Marrow Adipose Tissue Functions: Studying Lipotoxicity in Hip Replacement Candidates
- Research Opportunity
- PhD students, Masters by Research
- Department / Centre
- Western Health
|Professor Gustavo Duqueemail@example.com||Personal web page|
|Dr Ebrahim Bani Hassanfirstname.lastname@example.org||Personal web page|
Summary Seven million Australians (28%) have musculoskeletal conditions, resulting in the fourth largest overall contributor to direct health expenditure in Australia, accounting for 8.7% ($5.690 billion) of total health-care expenditure, above all types of cancers combined (AIHW 2014).1 The majority of expenses are spent on two conditions: osteoporosis (OP) with associated fractures and osteoarthritis (OA). Yearly 144,000 older Australians sustain osteoporotic fractures at a significant cost of greater than $3.36 billion, excluding the burden, morbidity and mortality associated with osteoporotic fractures.2
We already know that as we age fat moves from under skin (subcutaneous fat) into our abdomen and bone marrow (ectopic fat). This relocation and expansion of marrow adipose tissue (MAT) is accompanied by severe decline in human bone volume. To investigate whether expansion of MAT in the bone marrow can drive osteoporosis, we have shown in a mouse model that with ageing, MAT accumulates in bone marrow and causes a state called lipotoxicity. Lipotoxicity involves production of many inflammatory factors and fatty acids by fat cells (adipocytes) that have been shown to be toxic to other cells. Lipotoxicity can severely impair function and survival of osteoblasts (bone-forming cells). Consequently, osteoblasts may produce an anomalous bone organic matrix and mineralise it abnormally too; rendering fragile bone. Armed concrete analogy applies to bones where collagen fibres act like metal rods and hydroxyapatite functions like cement around the metal; and low quality or quantity of each can decrease concrete strength by many folds. However, the roles of lipotoxicity in initiation and progression of OP and risk of fractures has not been studied in humans; and if it is proven in a human study that marrow lipotoxicity drives osteoporosis, the treatment of osteoporosis and prevention of osteoporotic fractures can significantly improve.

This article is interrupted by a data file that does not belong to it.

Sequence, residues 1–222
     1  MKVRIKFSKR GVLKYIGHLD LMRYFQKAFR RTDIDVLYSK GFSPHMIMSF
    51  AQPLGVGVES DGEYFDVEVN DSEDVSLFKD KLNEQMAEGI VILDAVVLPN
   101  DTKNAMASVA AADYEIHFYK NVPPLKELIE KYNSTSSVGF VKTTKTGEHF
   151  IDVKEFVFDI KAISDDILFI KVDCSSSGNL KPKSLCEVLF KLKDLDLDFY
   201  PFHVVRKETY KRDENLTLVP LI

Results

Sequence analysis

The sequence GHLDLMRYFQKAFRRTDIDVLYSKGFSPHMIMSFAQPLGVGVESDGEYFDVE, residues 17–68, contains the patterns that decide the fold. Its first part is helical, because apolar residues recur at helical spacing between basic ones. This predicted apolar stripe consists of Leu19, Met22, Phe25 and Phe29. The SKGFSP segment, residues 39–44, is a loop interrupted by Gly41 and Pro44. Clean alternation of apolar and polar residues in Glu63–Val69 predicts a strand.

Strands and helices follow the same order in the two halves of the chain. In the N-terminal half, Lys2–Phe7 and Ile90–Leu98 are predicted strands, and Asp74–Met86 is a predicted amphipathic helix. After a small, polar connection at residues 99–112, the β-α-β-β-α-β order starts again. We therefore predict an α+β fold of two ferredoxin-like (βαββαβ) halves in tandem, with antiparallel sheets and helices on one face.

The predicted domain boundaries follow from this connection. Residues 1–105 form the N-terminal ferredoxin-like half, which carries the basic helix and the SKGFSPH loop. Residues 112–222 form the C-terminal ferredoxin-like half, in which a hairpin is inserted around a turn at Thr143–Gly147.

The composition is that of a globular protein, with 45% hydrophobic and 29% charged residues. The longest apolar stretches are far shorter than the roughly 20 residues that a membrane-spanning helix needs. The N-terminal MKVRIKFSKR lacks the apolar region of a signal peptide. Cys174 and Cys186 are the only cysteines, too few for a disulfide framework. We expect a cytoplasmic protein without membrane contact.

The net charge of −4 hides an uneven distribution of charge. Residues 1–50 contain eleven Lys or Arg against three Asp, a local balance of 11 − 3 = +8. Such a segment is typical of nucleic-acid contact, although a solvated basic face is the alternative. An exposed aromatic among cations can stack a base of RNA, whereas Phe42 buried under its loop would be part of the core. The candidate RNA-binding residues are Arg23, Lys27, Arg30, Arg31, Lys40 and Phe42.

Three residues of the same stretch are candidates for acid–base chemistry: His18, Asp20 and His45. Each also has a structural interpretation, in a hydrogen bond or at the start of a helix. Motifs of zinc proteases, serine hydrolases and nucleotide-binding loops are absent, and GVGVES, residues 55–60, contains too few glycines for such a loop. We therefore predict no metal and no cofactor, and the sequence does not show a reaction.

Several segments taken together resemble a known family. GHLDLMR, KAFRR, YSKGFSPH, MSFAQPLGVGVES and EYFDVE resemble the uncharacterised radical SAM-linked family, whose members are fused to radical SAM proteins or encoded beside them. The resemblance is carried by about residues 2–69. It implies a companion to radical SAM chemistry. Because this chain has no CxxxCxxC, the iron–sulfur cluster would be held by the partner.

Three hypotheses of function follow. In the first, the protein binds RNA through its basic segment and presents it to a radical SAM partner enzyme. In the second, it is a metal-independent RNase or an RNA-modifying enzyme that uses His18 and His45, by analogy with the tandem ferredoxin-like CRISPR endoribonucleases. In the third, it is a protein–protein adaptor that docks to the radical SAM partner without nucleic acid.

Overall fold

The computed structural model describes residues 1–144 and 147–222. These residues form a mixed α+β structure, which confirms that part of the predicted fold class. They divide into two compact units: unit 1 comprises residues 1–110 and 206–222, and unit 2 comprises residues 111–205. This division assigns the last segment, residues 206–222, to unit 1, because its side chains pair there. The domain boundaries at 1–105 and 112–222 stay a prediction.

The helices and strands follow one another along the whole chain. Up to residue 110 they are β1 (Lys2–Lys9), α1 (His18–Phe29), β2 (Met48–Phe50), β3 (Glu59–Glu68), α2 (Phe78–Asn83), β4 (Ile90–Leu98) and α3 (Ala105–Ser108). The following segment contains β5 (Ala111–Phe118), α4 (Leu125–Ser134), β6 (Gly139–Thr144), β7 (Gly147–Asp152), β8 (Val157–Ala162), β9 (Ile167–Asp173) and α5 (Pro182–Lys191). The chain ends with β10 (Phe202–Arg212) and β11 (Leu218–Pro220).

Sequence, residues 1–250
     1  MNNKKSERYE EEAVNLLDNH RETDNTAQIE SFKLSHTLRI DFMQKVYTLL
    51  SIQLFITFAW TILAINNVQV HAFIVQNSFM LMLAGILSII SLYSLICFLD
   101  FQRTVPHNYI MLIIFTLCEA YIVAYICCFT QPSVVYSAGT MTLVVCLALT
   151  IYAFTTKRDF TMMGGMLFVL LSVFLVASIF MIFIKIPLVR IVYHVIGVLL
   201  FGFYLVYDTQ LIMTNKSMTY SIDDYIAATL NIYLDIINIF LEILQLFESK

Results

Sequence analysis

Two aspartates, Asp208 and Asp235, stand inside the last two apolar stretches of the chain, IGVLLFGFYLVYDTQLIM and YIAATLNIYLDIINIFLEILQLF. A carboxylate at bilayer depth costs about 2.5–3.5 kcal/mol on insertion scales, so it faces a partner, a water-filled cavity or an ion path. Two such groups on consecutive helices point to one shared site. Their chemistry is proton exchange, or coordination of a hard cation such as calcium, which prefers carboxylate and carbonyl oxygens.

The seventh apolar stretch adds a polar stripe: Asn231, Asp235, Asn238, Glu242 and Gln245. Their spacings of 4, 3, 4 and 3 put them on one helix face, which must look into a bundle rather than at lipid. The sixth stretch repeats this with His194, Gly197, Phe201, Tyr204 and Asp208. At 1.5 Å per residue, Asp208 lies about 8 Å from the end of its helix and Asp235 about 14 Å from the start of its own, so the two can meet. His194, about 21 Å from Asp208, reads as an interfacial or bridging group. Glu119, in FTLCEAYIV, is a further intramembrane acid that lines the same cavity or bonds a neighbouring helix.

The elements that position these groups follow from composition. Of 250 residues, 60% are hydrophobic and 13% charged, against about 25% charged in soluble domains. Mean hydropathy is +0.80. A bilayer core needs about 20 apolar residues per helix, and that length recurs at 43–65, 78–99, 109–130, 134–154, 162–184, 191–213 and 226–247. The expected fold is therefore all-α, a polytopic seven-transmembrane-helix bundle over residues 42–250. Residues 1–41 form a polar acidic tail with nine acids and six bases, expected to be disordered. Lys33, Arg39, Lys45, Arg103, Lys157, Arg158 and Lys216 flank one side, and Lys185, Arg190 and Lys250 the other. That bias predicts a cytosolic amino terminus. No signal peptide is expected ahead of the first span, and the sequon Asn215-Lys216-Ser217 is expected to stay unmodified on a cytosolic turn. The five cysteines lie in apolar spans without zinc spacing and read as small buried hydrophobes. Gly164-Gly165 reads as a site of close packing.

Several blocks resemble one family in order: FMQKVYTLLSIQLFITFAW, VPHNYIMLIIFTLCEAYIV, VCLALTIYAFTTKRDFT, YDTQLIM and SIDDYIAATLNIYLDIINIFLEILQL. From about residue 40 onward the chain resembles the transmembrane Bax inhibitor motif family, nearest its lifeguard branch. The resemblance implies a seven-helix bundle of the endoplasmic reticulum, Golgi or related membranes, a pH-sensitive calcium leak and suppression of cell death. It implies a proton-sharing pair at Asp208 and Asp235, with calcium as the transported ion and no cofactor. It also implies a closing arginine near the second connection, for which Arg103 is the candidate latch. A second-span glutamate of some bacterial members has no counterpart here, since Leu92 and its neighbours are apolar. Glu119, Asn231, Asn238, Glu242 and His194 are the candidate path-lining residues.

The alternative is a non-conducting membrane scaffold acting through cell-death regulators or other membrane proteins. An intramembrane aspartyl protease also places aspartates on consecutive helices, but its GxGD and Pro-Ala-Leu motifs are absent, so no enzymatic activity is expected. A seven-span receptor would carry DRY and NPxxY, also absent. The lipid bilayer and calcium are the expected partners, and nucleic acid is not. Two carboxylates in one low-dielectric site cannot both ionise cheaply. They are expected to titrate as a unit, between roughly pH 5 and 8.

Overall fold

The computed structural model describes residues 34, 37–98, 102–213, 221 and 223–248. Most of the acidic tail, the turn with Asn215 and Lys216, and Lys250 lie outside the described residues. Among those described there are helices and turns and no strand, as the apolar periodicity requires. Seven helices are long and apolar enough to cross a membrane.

We will study the molecular mechanisms of lipotoxicity in the samples collected from hip fracture patients and controls, and will investigate the bone and hematopoietic marrow (HPM) to study the effects of lipotoxicity using histology and also studying the molecular pathways. The results of this study will shed light on bone, fat and HPM biology, and more importantly might identify mechanisms to prevent or treat OP and OA. The possible main outcomes of the study include: a. A MAT imaging tool to accurately predict bone loss and fracure risk; b. Identification of possible blood markers for MAT expansion and associated marrow lipotoxicity; c. Discovery of possible drug targets to prevent marrow lipotoxicity and associated bone and red marrow atrophy.
School Research Themes
PhD students, Masters by Research
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Department / Centre
Research NodeWestern Health
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